WSU Library System News

News & Updates in the Libraries

Link to licensed library resources through “Permalinks”

February 24th, 2015

Copyright guidelines for posting to Blackboard #fairuseweek

February 23rd, 2015

Documents are no longer copyright protected, and therefore can be freely used, if:

Published prior to 1923
Published between 1923 and 1963 without a copyright notice
Published between 1923 and 1963 with copyright notice on work and not renewed with the U.S. Copyright Office

Note: The lack of online documentation with the U.S. Copyright Office does not mean the copyright was not renewed.

Fair Use provisions and the Teach Act (2002) enables certain educational uses such as Blackboard posting, providing:

Limited portions of the work are made available at any one time
Use must be part of mediated instructional activities
Availability must take place during a period of time relevant to the context and duration of a typical class session
Use must be limited to students enrolled in the course
Do not share work or distribute via email
Ensure the Blackboard site is password protected
No posting of textbook materials typically purchased or acquired by students is allowed or considered fair use
No posting of protected materials developed specifically for online use
No use of copies are allowed that are not directly captured from the licensed original

We recommend:

Locate resources to use for coursework through full-text resources owned by the library system and link to them from Blackboard
Hyperlink to those resources from your digital syllabus
Reconsider the need to digitize a print resource and find a licensed full-text alternative
If you need to copy a resource:
Perform a fair use analysis, see: Fair Use Checklist
If deemed fair use, make a digital scan of a reasonable portion of the original
Ensure a copyright notice is on the digital copy
The University Libraries will assist obtaining content if a request for a digital copy is placed
You can only post documents obtained through a delivery system if you or the library system has purchased the licensed original (meaning it is owned and the copy comes from the owned copy)

All works not considered fair use require copyright permission. Obtaining copyright permission is the responsibility of the instructor posting on Blackboard.

We recommend:

Get permission from the rights-holder
www.copyright.com is the interface to seeking copyright permission

Taken from: copyright.wayne.edu/blackboard

Fair Use Week at Wayne State: February 23-27

February 22nd, 2015

Mark your calendars! Fair Use Week 2015—a community celebration of fair use coordinated by the Association of Research Libraries—will take place February 23–27.

What is Fair Use Week?
Each day teachers teach, students learn, researchers advance knowledge, and consumers access copyrighted information due to exemptions in copyright law, such as fair use in the United States or fair dealing in Canada and other jurisdictions. Fair use and fair dealing allow the use of copyrighted materials without permission from the copyright holder under certain circumstances. For libraries, educational institutions, and the public, the fair use doctrine is the most important limitation on the rights of the copyright owner—the “safety valve” of US copyright law.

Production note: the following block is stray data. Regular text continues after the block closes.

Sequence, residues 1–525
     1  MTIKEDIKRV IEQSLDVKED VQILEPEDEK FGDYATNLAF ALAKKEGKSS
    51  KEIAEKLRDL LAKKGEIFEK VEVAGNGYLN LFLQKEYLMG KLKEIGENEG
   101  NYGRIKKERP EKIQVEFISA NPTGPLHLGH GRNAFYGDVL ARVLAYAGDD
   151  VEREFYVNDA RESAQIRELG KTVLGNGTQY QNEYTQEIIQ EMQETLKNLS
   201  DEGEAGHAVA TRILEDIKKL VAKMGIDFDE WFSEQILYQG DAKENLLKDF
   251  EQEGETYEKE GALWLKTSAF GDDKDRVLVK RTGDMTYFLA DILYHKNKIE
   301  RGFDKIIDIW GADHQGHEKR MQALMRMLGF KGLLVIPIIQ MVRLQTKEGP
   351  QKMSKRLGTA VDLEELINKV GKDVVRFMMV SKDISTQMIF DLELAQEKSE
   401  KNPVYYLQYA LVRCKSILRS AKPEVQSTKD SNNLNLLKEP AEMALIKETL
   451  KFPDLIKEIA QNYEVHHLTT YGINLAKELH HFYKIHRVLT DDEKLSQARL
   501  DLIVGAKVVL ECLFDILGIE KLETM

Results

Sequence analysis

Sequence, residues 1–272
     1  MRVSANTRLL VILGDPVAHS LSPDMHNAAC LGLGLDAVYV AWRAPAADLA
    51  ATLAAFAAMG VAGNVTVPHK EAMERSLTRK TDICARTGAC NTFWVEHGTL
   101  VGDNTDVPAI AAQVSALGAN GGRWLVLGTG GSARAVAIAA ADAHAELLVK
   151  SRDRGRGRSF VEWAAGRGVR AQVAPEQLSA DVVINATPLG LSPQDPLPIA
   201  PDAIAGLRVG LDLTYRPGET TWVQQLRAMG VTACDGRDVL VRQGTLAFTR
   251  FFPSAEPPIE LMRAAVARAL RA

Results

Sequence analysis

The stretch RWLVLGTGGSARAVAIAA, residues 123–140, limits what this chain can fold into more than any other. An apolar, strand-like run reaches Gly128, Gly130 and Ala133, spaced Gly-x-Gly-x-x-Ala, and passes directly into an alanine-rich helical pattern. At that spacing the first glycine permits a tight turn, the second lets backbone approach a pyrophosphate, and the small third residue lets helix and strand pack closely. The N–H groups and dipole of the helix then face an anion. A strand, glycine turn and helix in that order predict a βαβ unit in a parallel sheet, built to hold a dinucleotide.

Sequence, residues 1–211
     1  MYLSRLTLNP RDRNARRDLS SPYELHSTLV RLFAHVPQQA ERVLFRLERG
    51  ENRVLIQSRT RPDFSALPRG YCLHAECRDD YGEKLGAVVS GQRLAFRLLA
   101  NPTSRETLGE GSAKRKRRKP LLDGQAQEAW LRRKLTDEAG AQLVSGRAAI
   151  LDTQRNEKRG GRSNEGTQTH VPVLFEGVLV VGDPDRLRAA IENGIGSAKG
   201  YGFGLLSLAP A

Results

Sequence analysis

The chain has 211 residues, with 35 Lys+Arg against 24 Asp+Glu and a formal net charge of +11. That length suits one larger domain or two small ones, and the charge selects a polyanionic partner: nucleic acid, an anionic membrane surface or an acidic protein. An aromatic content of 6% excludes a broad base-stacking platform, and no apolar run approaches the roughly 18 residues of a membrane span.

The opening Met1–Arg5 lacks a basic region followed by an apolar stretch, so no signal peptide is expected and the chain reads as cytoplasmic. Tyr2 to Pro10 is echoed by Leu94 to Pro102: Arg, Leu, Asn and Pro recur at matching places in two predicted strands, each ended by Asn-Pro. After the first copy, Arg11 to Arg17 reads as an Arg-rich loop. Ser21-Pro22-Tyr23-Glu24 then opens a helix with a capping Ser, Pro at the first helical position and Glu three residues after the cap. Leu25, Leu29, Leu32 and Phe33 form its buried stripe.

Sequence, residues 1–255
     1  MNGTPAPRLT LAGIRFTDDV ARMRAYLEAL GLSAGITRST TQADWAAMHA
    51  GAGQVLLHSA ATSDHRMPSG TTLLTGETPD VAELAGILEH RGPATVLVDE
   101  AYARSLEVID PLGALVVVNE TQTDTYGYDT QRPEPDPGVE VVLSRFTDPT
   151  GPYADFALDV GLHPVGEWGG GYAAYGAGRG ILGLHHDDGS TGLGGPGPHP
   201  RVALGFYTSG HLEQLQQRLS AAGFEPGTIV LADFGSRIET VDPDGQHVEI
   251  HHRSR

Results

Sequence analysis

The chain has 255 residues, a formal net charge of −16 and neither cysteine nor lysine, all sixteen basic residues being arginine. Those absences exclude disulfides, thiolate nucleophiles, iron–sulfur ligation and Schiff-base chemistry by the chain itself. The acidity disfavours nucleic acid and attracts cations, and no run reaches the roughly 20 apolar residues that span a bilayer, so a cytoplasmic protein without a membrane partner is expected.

Fair Use Week is an annual celebration of the doctrine of fair use and fair dealing. It celebrates the important role fair use plays in achieving the Constitutional purpose of intellectual property rights in the US: to promote the progress of science and the useful arts. The flexible nature of the fair use doctrine has permitted copyright to adapt to new technologies and changes. Similarly, in Canada, fair dealing is a critical right of the user intended to facilitate balance in copyright law and accommodate freedom of expression.

While Fair Use Week 2015 will be celebrated February 23–27, we believe that every week is fair use week. Indeed, fair use is employed on a daily basis by students, faculty, librarians, journalists, and all users of copyrighted material. Fair Use Week is simply a time to promote and discuss the opportunities presented by fair use, celebrate successful fair use stories, and explain the doctrine.

Is your use of material protected under the Fair Use doctrine? Try out the Fair Use Checklist to be sure #fairuseweek

February 22nd, 2015

http://copyright.wayne.edu/checklist.php

What is Fair Use Week?

Each day teachers teach, students learn, researchers advance knowledge and consumers access copyrighted information due to exemptions in copyright law, such as fair use in the United States or fair dealing in Canada and other jurisdictions. Fair use and fair dealing allow the use of copyrighted materials without permission from the copyright holder under certain circumstances. For libraries, educational institutions, and the public, the fair use doctrine is the most important limitation on the rights of the copyright owner—the “safety valve” of US copyright law.

Fair Use Week is an annual celebration of the doctrine of fair use and fair dealing. It celebrates the important role fair use plays in achieving the Constitutional purpose of intellectual property rights in the US: to promote the progress of science and the useful arts. The flexible nature of the fair use doctrine has permitted copyright to adapt to new technologies and changes. Similarly, in Canada, fair dealing is a critical right of the user intended to facilitate balance in copyright law and accommodate freedom of expression.

While Fair Use Week 2015 will be celebrated February 23–27, we believe that every week is fair use week. Indeed, fair use is employed on a daily basis by students, faculty, librarians, journalists, and all users of copyrighted material. Fair Use Week is simply a time to promote and discuss the opportunities presented by fair use, celebrate successful fair use stories, and explain the doctrine.